Brigham Young must have approached the general conference with heavy heart. He had been informed the day before that close to 2000 immigrants were on the plains, two handcart companies, two wagon companies, several freight companies. It was already early October.
Brighan Young had met with church leaders the evening before to discuss what was needed. The handcart plan was established with the idea that the Saints would be met on the plains with resupply wagons. This was lacking, and the handcart companies would be facing starvation rations.
And so Brigham Young introduced the theme of the conference:
"I will now give this people the subject and the text for the Elders who may speak today and during the conference. It is this. On the 5th day of October, 1856, many of our brethren and sisters are on the plains with handcarts, and probably many are now seven hundred miles from this place, and the must be brought here, we must send assistance to them. The text will be, 'to get them here.' I want the brethren who may speak to understand that their text is the people on the plains. And the subject matter for this community is to send for them and bring them in before winter sets in.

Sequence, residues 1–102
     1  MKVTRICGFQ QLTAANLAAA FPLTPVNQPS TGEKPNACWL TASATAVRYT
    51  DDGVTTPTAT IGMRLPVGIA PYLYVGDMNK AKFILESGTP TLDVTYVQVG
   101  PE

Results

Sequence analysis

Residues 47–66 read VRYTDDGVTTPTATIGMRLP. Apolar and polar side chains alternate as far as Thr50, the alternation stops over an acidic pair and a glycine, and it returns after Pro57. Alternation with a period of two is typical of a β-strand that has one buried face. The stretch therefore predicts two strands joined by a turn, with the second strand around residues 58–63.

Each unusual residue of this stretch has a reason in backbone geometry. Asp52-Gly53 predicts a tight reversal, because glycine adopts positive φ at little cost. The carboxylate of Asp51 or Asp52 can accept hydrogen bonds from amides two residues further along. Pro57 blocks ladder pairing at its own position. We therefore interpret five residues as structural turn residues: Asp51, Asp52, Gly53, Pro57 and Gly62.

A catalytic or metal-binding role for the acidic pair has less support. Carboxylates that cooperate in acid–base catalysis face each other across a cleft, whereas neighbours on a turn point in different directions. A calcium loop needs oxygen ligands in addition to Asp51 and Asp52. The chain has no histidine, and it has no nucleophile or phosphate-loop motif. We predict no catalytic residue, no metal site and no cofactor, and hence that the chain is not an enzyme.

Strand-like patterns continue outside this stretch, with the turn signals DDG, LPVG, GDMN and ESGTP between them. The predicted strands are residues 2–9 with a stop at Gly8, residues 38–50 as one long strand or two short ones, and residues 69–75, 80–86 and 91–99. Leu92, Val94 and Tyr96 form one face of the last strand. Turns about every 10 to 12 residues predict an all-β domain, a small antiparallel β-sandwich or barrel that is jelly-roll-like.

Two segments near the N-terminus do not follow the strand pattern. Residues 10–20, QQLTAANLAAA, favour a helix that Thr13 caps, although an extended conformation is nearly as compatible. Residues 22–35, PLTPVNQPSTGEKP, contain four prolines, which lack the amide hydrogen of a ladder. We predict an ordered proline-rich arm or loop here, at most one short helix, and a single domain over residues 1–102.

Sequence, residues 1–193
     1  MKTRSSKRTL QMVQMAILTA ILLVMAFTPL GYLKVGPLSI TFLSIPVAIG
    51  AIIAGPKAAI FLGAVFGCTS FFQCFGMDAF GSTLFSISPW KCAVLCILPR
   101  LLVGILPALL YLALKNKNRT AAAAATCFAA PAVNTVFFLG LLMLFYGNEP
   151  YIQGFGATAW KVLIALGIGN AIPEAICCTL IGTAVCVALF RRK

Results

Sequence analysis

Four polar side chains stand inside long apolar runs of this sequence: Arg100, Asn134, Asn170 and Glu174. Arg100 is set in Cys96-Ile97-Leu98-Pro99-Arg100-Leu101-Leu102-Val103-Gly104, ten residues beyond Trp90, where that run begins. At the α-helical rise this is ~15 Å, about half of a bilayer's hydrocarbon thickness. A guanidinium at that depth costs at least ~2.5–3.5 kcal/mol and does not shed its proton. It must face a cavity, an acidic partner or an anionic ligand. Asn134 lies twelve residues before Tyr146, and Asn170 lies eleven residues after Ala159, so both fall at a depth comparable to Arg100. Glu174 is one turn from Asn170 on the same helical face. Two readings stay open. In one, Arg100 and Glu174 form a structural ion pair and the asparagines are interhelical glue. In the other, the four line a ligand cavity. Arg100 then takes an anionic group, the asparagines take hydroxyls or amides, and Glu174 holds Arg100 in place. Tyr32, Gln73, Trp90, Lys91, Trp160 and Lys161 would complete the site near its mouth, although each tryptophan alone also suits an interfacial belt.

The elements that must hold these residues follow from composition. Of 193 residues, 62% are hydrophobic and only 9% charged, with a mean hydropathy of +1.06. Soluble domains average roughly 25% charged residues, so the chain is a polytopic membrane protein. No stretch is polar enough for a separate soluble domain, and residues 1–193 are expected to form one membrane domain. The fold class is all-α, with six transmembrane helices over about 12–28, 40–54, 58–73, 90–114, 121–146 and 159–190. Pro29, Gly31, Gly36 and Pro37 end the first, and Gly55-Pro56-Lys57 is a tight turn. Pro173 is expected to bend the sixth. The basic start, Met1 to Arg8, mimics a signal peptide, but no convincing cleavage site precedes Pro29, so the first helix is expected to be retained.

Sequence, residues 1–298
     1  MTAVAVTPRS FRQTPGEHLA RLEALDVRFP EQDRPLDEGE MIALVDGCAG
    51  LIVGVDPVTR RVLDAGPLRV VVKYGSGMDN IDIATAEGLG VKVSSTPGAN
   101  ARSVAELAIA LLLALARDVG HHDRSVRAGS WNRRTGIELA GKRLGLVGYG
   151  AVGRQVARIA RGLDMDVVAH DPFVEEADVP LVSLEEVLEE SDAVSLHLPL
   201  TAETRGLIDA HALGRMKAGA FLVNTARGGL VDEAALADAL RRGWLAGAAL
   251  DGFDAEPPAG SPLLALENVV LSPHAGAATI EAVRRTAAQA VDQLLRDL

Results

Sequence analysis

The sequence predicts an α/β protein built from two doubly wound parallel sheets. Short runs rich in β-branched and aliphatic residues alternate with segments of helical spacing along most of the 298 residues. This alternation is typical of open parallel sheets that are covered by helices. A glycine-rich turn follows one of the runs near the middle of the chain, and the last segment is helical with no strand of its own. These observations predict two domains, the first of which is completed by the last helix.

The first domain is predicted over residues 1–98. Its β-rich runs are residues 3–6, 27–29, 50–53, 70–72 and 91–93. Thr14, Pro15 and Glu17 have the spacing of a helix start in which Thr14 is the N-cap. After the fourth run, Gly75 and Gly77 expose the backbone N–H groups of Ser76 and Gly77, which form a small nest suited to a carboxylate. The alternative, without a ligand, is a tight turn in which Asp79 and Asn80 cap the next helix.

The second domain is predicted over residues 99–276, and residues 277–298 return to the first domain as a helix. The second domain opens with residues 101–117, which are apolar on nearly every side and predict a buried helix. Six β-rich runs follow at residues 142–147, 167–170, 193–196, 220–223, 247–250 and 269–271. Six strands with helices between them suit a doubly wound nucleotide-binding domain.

That is my religion; that is the dictation of the Holy Ghost that I possess. It is to save the people. This is the salvation I am now seeking for. To save our brethren that would be apt to perish, or suffer extremely, if we do not send them assistance...
I will tell you all that your faith, religion, and profession of religion, will never save one sould of you in the Celestial Kingdom of our God, unless you carry out just such principles as I am now teaching you. Go and bring in those people now on the plains."
An so was put into motion one of the greatest rescue operations of the Mormon migration. The rescuers would be successful in bringing many Saints to the valley, while over 200 of them would die along the trail. By the time the meeting had concluded men were making preparations to be part of the rescue. Women removed underlinens to donate to the cause.